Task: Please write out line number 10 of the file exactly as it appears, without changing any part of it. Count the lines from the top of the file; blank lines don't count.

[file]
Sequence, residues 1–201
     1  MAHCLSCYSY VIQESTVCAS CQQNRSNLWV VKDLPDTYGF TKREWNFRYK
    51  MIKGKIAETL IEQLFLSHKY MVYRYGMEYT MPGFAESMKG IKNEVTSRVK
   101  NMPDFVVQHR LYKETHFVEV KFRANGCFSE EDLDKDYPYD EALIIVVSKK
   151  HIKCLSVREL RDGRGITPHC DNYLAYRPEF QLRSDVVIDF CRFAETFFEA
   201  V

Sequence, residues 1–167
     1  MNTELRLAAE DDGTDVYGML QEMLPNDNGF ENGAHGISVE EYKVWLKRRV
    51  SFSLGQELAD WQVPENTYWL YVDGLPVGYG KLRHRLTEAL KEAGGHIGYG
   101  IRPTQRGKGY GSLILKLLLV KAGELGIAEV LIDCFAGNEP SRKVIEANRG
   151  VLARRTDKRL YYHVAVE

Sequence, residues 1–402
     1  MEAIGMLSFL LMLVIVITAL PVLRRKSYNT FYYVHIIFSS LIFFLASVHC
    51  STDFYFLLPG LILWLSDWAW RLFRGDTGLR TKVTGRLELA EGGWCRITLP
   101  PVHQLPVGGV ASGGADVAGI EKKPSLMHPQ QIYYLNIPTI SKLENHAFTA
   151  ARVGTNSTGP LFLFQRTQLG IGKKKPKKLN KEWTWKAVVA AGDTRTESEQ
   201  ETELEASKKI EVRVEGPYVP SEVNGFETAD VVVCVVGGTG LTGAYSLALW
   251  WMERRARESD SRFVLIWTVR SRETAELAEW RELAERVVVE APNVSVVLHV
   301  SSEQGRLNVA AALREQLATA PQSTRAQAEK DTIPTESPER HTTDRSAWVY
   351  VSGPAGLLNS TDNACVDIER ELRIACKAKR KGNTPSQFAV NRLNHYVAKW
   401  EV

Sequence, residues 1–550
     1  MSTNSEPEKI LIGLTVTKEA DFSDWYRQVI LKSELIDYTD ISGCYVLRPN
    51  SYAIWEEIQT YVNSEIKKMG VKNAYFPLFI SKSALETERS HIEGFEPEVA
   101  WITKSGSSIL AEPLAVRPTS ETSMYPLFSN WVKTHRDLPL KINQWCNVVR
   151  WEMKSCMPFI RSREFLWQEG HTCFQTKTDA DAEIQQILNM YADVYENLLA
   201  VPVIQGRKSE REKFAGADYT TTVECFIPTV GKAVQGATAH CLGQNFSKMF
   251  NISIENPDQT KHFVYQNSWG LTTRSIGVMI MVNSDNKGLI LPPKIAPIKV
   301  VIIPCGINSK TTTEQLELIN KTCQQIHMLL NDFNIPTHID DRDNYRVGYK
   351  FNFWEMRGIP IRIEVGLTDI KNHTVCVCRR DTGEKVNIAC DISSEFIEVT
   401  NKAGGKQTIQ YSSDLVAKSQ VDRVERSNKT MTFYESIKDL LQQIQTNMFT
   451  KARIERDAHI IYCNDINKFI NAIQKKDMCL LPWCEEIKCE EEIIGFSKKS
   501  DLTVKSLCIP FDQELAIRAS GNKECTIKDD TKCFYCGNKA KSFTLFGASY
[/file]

   101  IRPTQRGKGY GSLILKLLLV KAGELGIAEV LIDCFAGNEP SRKVIEANRG